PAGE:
Georgia Power offers a time-of-use plug-in electric vehicle rate to help PEV owners save money. The federal government offers income tax credits of $7,500 for a battery electric vehicle and for a plug-in hybrid electric vehicle. An income tax credit is also available to any eligible business for the purchase or lease of an electric vehicle charger located in the state. The amount of the credit is 10% of the cost of the charger or $2,500, whichever is less. Drivers of electric vehicles are also permitted to use interstate HOV lanes and HOT lanes with single occupancy.
Batteries used in electric vehicles are recyclable and will have many useful lives. There are a number of industries looking into second-life businesses for them.
Most electric vehicle owners will never replace the battery. Auto manufacturers are offering warranties of up to 100,000 miles, which is a sign of their confidence in the battery reliability. And with increased demand, the price of these batteries continues to decline.
Georgia Power is in the process of evaluating various types of electric vehicles and charging technologies for use in its own operations. The benefits of plug-in electric bucket trucks and light-duty pickup trucks include reduced emissions and noise, and cost savings. There are also a lot of non-road applications we feel will be beneficial to our operations. We continue to gather data and identify areas of our company that would benefit from the use of plug-in electric vehicles.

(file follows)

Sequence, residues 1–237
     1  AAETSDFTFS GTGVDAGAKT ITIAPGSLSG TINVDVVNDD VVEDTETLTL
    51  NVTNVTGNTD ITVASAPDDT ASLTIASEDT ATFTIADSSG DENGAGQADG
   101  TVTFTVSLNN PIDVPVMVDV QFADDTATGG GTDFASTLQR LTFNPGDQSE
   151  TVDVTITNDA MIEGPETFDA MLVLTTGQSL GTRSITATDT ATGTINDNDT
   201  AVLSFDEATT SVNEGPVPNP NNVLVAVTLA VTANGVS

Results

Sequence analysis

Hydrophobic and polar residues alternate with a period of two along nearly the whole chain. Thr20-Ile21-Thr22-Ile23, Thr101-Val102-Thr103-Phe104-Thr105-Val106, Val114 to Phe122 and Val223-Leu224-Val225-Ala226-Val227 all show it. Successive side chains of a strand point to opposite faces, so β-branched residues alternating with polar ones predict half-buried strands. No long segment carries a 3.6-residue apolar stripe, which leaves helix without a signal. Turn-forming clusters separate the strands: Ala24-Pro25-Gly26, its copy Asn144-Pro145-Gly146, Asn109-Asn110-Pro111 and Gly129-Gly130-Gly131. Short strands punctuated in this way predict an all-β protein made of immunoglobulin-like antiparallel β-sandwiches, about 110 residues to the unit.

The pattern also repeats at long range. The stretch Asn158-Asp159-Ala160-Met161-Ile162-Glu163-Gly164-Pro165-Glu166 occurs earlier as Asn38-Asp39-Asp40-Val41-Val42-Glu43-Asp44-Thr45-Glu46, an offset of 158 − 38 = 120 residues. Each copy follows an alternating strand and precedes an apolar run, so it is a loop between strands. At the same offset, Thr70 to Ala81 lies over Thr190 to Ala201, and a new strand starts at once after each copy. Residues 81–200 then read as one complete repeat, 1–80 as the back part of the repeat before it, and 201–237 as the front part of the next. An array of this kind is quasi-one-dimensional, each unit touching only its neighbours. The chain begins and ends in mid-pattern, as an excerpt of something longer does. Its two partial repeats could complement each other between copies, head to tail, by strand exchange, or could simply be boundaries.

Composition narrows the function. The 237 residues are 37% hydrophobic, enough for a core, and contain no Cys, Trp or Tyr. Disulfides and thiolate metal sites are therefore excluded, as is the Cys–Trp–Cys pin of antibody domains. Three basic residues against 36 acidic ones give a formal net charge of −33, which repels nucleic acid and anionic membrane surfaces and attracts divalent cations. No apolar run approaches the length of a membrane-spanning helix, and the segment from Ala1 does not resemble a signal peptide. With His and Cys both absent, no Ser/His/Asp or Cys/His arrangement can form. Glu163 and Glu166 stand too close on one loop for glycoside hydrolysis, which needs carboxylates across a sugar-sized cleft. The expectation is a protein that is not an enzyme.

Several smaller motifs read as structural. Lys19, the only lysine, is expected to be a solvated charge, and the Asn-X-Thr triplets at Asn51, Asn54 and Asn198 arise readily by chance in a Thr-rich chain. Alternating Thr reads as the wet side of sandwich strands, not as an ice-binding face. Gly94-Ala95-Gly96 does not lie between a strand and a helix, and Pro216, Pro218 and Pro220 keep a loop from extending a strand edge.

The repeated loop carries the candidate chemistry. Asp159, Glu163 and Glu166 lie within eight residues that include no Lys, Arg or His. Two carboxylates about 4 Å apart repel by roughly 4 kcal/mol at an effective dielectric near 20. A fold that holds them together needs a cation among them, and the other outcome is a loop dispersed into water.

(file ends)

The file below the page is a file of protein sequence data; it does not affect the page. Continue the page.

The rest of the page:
Electric vehicle owners can expect to see an increase in their electricity use. However, because gasoline and diesel prices outweigh that of electricity, they will still save money using electricity to power their vehicles. It's estimated that electric vehicle owners who charge their vehicles during Georgia Power's super-off-peak period will see the cost equivalent of paying approximately $0.50/gallon for gasoline, compared with more than $3.50/gallon for a gasoline- or diesel-powered vehicle.
Georgia Power has also helped many of its commercial and industrial customers save thousands of dollars annually on fuel costs by using electric vehicles and equipment to move materials. With today's fast charging systems, the availability and productivity of electric materials-handling vehicles and equipment have increased, also contributing to cost savings and operational efficiencies.